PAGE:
The Rangarajan Committee on Friday recommended deregulation of the sugar sector, the only remaining industry that continues to be controlled by the government, by giving freedom to mills to sell sugar in the open market.
It has also suggested doing away with the system of levy sugar, under which the mills are required to sell 10 per cent of their production to the government at below market price for running ration shops.
While other sectors of the economy have been freed, the sugar industry continues to remain under the government control, right from the level of production to distribution. The Centre fixes the quantity of sugar that mills can sell in the open market and ration shops.
"Rationalisation of sugarcane pricing and liberalisation of sugar trade need to be introduced over a two to three year period, in a calibrated and phased manner. However, levy sugar obligation and administrative control on non-levy sugar need to be dispensed with immediately," the committee, headed by Prime Minister's Economic Advisory Council (PMEAC) chairman C Rangarajan said in a report.
Levy sugar is meant for distribution in the ration shops, while non-levy sugar is for sale in the open market.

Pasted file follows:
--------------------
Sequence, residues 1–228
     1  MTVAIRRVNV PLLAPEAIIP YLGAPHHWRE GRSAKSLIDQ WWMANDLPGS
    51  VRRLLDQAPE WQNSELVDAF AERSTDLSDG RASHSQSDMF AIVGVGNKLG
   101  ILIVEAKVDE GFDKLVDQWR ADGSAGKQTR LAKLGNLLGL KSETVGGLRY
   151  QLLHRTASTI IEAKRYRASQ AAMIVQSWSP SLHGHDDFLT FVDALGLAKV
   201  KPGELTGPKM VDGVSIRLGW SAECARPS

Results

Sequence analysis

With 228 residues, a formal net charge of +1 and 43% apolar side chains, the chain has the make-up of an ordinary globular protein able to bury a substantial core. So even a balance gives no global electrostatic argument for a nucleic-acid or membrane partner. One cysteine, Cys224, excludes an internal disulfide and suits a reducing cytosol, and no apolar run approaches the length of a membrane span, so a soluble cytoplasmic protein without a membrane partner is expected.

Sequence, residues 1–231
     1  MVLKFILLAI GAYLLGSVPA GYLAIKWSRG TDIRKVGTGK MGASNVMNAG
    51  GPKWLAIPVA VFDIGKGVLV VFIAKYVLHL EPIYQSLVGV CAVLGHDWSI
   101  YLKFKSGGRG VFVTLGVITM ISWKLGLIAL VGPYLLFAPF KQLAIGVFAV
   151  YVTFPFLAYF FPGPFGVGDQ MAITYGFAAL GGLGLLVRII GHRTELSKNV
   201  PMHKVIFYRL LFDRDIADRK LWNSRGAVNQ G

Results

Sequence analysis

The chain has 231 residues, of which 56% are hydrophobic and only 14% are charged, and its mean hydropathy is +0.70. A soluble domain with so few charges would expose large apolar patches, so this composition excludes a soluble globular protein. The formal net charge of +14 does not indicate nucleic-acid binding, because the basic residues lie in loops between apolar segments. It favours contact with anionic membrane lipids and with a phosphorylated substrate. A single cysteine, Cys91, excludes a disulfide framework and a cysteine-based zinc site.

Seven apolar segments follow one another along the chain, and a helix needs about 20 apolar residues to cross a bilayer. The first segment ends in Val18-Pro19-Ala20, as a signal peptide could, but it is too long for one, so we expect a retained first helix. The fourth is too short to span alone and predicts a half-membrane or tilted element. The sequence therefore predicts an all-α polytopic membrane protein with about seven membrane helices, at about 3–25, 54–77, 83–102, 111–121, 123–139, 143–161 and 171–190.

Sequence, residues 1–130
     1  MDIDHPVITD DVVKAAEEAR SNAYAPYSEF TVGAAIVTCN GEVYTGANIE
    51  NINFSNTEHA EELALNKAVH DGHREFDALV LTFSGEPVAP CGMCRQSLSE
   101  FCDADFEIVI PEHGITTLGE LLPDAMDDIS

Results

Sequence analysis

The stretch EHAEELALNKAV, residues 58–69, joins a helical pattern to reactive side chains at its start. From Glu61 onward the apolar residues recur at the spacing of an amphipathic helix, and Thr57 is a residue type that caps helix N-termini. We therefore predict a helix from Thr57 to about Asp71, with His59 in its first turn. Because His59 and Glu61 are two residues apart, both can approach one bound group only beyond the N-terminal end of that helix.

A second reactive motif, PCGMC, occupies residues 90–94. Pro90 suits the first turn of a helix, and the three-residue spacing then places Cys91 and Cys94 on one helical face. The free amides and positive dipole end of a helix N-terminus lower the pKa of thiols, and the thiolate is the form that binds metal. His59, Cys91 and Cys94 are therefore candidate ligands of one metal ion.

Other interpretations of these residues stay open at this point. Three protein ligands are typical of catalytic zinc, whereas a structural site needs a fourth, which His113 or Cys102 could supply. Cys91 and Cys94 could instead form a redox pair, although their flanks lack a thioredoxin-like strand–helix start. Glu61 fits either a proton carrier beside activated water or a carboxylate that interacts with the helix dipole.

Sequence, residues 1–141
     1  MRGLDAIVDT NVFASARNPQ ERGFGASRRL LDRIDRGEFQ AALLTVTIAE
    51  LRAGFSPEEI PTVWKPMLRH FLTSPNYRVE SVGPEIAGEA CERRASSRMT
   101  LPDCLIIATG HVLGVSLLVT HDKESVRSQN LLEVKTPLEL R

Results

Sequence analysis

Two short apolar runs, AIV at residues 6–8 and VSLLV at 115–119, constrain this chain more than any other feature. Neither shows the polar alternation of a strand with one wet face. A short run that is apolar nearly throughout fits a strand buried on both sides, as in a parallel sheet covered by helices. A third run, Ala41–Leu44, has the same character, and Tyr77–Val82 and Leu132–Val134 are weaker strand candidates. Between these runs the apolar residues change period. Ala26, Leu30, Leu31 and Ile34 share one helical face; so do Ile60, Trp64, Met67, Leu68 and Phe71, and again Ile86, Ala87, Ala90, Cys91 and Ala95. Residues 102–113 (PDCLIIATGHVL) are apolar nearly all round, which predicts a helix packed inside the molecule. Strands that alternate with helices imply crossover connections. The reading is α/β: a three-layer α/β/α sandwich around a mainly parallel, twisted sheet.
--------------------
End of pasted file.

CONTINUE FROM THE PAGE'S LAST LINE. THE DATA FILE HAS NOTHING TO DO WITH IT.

The report was submitted to the Prime Minister today. In January, the prime minister had set up an expert committee to examine issues related to decontrolling the sugar sector.
"Markets in almost all sectors in India are constantly matching anticipated demands with supply. There is no particular reason why sugar market would not be able to do this," the committee said.
The mechanism of regulated release of non-levy sugar imposes costs directly on mills (and hence indirectly on farmers) on account of inventory accumulation, inability to plan cash flows, the committee said, and advocated that "since this mechanism is not serving any useful purpose, it may be dispensed with".